A proposed measure in the state Senate would allow adult-use cannabis firms in New York to deduct business expenses when they file their state taxes.
The measure is meant to reconcile federal tax regulations that bar cannabis businesses from making deductions or accounting for expenses related to running the business.
The Marijuana Regulation and Taxation Act once in full effect is expected generate billions of dollars in new tax revenue for New York in the coming years.
“The MRTA was crafted with a focus on equity at all stages of implementation in the new recreational adult-use cannabis market. We must ensure that this focus includes licensing and taxation of these new businesses is top of mind while we create the foundations of this new sector of the economy," said Sen. Jeremy Cooney, the Democratic lawmaker sponsoring the bill. "I am proud to sponsor legislation that will create a more equitable taxation system to allow more small business owners and entrepreneurs to participate in the new cannabis market.”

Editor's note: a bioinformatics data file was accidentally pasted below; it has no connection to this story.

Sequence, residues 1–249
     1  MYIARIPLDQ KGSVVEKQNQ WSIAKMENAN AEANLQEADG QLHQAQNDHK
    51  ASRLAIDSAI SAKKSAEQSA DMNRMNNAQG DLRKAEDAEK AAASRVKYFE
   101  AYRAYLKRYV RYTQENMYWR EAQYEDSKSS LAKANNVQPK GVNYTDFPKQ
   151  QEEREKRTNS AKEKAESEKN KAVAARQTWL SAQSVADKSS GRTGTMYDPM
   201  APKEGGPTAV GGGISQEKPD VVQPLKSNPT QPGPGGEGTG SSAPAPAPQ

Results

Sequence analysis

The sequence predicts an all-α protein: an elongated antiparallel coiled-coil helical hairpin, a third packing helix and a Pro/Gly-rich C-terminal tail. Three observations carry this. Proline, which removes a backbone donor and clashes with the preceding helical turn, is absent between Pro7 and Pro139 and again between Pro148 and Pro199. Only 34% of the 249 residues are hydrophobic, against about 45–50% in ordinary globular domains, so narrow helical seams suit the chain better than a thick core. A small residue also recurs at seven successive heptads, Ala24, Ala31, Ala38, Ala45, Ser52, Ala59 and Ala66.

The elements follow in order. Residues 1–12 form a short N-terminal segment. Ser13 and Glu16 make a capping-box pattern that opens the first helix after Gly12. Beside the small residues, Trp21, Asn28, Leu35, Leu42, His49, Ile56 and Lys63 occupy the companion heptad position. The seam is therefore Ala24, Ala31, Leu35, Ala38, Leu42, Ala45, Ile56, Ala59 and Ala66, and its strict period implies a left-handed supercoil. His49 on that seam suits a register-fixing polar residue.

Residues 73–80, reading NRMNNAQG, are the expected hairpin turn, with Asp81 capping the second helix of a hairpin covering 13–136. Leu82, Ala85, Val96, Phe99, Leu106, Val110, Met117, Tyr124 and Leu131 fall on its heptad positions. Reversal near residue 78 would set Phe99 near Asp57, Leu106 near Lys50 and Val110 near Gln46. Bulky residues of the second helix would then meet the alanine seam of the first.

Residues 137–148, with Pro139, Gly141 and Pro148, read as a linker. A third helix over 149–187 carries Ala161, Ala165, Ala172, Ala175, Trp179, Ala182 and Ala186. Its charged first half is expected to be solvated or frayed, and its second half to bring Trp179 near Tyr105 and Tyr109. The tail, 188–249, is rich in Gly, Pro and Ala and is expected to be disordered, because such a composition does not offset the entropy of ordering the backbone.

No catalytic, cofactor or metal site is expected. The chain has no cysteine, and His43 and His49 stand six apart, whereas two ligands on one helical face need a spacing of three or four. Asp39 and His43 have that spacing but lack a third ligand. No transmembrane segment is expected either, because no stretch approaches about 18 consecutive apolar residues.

Cooney's measure addresses one of the complications arising from the state legalizing marijuana-related businesses while the drug remains outlawed on the federal level. Cooney points to the measure making it easier for people to enter the cannabis sector as policymakers try to ensure smaller businesses will be able to operate within the new system.
Business organizations on Friday backed the measure, calling it necessary for the market to thrive in New York.
“If New York State hopes to be a leader in this emerging industry, we must acknowledge the reality: outrageous taxes will discourage entry and participation in the market, cause dollars to exit our State for more competitive opportunities, and lead to an exacerbated black market that poses real dangers for our communities," said Bob Duffy, a former lieutenant governor and the CEO of the Greater Rochester Chamber of Commerce.